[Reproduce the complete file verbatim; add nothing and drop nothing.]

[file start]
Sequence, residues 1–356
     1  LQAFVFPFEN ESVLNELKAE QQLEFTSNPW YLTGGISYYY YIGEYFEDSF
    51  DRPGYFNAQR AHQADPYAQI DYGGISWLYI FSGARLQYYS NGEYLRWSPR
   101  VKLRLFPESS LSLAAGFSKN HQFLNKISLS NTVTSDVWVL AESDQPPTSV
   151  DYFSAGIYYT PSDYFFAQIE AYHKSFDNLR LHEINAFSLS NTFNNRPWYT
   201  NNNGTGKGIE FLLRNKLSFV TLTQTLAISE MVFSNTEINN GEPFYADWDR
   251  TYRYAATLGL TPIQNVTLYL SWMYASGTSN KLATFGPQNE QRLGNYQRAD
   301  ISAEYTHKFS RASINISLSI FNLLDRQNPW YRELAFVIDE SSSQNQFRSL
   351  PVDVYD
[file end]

Sequence, residues 1–356
     1  LQAFVFPFEN ESVLNELKAE QQLEFTSNPW YLTGGISYYY YIGEYFEDSF
    51  DRPGYFNAQR AHQADPYAQI DYGGISWLYI FSGARLQYYS NGEYLRWSPR
   101  VKLRLFPESS LSLAAGFSKN HQFLNKISLS NTVTSDVWVL AESDQPPTSV
   151  DYFSAGIYYT PSDYFFAQIE AYHKSFDNLR LHEINAFSLS NTFNNRPWYT
   201  NNNGTGKGIE FLLRNKLSFV TLTQTLAISE MVFSNTEINN GEPFYADWDR
   251  TYRYAATLGL TPIQNVTLYL SWMYASGTSN KLATFGPQNE QRLGNYQRAD
   301  ISAEYTHKFS RASINISLSI FNLLDRQNPW YRELAFVIDE SSSQNQFRSL
   351  PVDVYD